Needless to say, your trip will be made a great deal easier if you speak at least some Spanish. I barely speak a word of it, and managed to get by just fine. People are genuinely warm here, and the diversity and beauty of the land is certainly awe-inspiring. If you’re looking to take your next vacation in Panama, feel free to take a peek at a few recommended day trips I’ve compiled here:

[Images provided by Dana Jo Photography]

Hotel owner makes Latino employees change their names

Taos, New Mexico, is home to a large Spanish-speaking population. There are a lot of Latino people living and working in the town. So it follows that many people there have traditionally Latino names. You would think a guy from Texas (another state close to Mexico and home to many Hispanic people) would understand that. But not Larry Whitten.

When Whitten came into town to take over as the manager of a run-down hotel, he told his Latino staff that they needed to change their names to more Anglicized versions. As CBS News puts it, “No more Martin (Mahr-TEEN). It was plain old Martin. No more Marcos, now it would be Mark.” Of course, the staff and many of the town’s residents were not happy. Nor were they pleased when Whitten fired several Hispanic employees and forbade those remaining from speaking any language but English around him, because he feared they were talking about him in Spanish.

After referring to the locals as “mountain folk” in an interview and then being picketed by fired employees and their families, Whitten later apologized for the “misunderstanding” and said he was not against any culture.

Whitten denied that his actions were racist and said that he asked the staff to change their names for the “satisfaction” of guests who may not be familiar with Spanish names. One fired employee disagreed. “I don’t have to change my name and language or heritage,” he said. “I am professional the way I am.”

Gadling gear review: WorldNomads.com Spanish Language Guide Plus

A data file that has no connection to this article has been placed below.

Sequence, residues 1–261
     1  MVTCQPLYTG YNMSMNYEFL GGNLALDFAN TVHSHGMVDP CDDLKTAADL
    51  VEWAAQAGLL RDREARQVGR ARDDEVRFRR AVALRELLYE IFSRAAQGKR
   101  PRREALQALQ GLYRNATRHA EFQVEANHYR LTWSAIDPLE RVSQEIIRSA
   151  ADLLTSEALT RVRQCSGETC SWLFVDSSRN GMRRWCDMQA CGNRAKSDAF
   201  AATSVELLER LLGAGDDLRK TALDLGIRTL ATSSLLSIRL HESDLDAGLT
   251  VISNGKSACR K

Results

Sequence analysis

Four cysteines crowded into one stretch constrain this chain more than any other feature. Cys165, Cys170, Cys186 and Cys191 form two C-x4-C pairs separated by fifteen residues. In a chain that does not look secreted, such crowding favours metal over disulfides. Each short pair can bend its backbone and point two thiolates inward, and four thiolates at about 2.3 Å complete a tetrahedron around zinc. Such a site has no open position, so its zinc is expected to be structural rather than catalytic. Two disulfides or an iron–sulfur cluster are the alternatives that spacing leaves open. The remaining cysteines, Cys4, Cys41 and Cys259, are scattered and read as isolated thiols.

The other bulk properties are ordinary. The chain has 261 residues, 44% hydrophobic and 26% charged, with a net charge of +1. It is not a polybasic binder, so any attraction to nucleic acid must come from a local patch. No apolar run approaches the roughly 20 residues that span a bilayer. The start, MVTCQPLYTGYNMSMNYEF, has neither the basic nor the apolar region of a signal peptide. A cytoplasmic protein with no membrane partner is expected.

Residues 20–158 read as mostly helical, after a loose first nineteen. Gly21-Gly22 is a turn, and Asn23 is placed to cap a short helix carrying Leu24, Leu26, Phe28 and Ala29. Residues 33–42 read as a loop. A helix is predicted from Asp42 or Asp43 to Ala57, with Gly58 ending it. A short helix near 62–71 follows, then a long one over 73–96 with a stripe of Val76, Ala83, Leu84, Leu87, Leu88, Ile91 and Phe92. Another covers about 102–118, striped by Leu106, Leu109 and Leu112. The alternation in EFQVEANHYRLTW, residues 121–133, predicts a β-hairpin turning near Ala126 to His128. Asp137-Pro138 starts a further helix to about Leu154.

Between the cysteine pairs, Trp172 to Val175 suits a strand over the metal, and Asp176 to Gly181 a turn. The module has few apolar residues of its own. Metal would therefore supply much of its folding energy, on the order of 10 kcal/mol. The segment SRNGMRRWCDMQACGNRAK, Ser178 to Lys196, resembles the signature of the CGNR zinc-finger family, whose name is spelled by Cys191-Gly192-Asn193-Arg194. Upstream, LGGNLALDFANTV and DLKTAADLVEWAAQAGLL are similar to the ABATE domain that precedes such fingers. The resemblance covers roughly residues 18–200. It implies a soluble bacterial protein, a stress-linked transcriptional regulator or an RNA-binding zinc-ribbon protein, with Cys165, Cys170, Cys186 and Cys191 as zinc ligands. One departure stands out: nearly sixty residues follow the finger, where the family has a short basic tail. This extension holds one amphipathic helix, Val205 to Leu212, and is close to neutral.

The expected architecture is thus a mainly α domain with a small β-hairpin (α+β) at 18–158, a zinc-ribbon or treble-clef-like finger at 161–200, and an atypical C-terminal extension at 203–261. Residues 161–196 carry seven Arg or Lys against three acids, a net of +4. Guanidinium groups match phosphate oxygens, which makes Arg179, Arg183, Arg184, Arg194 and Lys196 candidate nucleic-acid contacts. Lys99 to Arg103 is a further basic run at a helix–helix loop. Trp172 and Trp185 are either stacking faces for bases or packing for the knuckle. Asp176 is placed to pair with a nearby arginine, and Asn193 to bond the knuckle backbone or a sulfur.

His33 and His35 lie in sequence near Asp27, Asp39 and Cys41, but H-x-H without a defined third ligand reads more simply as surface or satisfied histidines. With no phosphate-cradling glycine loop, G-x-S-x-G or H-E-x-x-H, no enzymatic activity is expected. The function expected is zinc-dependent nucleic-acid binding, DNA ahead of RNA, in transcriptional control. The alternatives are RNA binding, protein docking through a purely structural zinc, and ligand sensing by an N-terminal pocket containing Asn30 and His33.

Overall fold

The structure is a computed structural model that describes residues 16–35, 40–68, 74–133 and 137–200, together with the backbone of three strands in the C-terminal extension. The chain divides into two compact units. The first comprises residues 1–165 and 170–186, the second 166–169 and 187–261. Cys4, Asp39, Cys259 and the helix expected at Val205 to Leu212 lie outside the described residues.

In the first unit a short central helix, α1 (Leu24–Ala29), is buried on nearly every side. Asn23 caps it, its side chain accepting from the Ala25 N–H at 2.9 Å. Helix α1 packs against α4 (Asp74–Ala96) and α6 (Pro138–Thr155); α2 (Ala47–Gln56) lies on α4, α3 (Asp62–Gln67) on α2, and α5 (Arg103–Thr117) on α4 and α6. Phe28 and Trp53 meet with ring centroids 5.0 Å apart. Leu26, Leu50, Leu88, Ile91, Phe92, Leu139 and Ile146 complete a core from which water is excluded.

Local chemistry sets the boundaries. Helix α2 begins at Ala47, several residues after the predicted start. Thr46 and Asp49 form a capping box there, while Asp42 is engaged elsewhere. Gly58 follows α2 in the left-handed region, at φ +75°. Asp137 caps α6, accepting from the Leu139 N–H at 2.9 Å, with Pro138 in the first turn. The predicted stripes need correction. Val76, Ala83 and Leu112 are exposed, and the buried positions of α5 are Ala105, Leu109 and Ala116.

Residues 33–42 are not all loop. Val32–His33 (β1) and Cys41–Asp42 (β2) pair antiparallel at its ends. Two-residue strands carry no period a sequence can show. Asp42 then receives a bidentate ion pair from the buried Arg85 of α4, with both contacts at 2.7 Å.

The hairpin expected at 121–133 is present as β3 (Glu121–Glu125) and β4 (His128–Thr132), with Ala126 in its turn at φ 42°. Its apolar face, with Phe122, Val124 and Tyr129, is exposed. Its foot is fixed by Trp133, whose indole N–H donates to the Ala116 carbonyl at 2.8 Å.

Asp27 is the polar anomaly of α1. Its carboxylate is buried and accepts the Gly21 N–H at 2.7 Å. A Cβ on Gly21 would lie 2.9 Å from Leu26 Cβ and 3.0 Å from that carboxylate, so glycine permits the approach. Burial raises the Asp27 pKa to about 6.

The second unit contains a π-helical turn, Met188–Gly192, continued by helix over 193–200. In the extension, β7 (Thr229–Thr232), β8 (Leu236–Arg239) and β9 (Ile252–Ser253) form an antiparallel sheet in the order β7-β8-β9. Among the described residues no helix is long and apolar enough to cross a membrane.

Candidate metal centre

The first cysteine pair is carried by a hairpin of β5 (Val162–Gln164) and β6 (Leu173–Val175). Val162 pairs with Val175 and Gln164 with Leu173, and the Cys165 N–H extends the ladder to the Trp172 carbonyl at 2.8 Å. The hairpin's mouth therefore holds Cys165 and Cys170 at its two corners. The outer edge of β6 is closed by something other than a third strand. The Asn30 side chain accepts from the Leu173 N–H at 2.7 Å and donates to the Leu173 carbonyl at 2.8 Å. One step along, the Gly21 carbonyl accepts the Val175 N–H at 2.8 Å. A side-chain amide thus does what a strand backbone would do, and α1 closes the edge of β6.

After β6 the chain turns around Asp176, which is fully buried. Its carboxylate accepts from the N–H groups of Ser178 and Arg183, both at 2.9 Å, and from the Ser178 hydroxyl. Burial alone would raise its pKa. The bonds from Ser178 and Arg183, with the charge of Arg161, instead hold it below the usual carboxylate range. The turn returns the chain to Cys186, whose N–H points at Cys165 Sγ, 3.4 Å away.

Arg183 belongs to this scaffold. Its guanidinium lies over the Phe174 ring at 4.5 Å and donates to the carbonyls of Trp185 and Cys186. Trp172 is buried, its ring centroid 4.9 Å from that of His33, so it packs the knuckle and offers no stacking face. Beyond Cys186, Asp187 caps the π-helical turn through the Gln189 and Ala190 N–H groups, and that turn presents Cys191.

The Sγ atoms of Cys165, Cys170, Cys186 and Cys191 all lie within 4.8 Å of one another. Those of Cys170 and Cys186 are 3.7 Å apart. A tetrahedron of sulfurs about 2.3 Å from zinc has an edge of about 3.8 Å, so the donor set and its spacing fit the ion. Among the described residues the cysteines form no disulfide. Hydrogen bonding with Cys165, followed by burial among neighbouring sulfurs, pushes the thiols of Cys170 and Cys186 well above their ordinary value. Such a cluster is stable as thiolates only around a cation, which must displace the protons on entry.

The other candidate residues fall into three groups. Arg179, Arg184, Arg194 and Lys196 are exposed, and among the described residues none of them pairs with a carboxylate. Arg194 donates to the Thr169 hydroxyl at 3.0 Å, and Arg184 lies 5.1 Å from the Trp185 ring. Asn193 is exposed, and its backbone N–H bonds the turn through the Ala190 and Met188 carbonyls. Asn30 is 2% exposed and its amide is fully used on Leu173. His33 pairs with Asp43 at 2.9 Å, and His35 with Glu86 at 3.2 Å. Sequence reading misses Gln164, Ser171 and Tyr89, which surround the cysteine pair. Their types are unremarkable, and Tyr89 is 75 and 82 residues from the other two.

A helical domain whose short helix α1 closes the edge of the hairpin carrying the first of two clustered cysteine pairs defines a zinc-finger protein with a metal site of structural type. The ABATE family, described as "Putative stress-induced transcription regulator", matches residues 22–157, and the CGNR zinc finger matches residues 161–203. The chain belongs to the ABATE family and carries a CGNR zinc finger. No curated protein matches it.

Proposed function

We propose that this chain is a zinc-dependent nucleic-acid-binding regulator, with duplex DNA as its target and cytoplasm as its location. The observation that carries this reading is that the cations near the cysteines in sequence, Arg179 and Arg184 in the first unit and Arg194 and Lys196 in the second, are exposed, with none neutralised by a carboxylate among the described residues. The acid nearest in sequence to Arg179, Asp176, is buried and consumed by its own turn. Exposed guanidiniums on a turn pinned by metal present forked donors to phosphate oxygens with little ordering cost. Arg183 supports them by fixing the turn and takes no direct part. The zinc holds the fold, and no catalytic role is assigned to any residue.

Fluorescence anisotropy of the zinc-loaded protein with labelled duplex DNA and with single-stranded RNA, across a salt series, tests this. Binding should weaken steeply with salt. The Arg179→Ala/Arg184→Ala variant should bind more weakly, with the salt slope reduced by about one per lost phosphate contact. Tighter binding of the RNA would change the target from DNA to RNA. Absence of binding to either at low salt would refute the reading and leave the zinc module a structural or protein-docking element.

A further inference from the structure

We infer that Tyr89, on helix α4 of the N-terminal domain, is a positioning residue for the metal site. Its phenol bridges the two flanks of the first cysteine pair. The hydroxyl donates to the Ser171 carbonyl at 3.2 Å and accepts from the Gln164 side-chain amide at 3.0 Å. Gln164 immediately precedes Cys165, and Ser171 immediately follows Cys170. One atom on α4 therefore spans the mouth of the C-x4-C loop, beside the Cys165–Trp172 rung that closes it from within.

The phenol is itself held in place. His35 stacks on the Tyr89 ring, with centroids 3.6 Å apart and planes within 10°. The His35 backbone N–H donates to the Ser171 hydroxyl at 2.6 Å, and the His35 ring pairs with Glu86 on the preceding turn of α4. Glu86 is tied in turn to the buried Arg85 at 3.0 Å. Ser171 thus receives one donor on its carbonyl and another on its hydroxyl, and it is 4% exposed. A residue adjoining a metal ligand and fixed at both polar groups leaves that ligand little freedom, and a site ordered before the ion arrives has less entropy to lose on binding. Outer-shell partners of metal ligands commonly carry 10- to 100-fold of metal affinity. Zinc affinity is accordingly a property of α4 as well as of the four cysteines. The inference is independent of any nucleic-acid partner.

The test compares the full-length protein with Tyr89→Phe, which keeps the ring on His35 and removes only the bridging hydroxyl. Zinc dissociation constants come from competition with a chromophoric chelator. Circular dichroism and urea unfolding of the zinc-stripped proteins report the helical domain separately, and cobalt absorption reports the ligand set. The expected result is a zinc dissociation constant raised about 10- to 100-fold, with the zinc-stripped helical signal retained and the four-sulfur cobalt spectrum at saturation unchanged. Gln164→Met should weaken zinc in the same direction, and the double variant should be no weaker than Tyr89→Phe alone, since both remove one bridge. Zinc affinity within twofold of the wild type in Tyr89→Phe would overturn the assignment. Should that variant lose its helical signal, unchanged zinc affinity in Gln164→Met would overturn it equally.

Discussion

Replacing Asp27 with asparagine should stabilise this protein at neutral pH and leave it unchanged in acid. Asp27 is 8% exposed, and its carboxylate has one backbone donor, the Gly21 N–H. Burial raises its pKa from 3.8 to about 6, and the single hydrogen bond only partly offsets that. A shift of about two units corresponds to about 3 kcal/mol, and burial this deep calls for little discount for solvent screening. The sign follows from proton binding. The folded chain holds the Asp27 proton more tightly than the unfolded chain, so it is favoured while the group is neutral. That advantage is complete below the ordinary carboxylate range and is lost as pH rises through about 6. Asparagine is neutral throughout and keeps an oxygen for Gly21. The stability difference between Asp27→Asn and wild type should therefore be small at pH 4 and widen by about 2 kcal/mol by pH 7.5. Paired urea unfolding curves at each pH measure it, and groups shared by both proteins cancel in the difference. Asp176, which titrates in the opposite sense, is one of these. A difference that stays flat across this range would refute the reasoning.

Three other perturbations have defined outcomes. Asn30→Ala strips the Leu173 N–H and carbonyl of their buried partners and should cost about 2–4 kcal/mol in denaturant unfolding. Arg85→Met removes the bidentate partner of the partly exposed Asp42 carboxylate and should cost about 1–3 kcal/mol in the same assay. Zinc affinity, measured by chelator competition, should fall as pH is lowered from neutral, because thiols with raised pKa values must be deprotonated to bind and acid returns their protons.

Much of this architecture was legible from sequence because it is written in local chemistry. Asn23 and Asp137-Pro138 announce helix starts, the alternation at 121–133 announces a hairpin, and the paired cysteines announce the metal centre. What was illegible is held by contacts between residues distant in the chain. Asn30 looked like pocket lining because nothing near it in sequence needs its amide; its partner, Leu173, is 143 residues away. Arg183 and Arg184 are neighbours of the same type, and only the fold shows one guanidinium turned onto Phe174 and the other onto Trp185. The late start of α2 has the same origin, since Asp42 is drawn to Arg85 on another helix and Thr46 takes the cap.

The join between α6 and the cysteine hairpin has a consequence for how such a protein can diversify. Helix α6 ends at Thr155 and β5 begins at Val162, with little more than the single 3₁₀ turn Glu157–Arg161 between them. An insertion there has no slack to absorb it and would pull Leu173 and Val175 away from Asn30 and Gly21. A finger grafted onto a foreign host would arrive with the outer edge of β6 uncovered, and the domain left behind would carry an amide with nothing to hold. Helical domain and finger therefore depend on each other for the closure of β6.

This very brief product review is going to show off a pretty neat iPhone application I recently took for a spin.

The WorldNomads.com Spanish Language Guide Plus offers several handy features in one; a 10 minute introduction to the language, a 550 word spoken reference and several sections dedicated to phrases you may need when shopping, flirting at a bar or on a work vacation.

The spoken reference guide is split up into eight sections (basics, introductions, directions, transport, places to stay, travel safety, travel health and food & eating).

In each section, you’ll find a well thought through selection of the kind of words and phrases you’ll end up needing when you are abroad (and don’t speak the language). The speech is very clear and the developers used real recordings instead of depending on speech synthesis.

The WorldNomads.com Spanish Language Guide Plus costs just $1.99 and is available in the app store (iTunes link). The price is right, the content is comprehensive and the entire application seems very well designed. Obviously, I hope they build on the quality of their Spanish guide and add more languages in the future.

After the jump, some more screenshots of the application. Pay extra attention to the “flirting phrases”, these people have obviously been around the world a bit, and know the kind of stuff that can really help you out. This certainly is the first language guide I’ve ever found that told me how to pronounce “I’m not just saying this because I am drunk” in the local language. You never know when that might come in handy!

Another Low-Cost Carrier Fails

Low-cost-carrier LTE ceased to operate today because of its financial predicament. The Spanish carrier stopped booking flights on Thursday, but some would-be holidaymakers were left with luggage in hand, waiting to get from rainy England to the sunny Canaries. LTE specialized in such routes and worked closely with several English tour operators.

LTE was not a newcomer to the LCC game. It has been operating for 20 years and, though its executives claim that they are trying to find a solution to their financial woes, the current state of the industry isn’t going to lend itself to any quick recoveries. Thomas Cooke Airlines, a charter service based in Manchester, is among the players stepping in to service LTE’s passengers and the tour operators that relied on the now defunct airline in the past. With European LCCs coming and going (mostly going, these days), one can almost hear Elton John crooning “The Circle of Life.” when all is said and done, the biggest beast, Ryanair and EasyJet, might be the only survivors.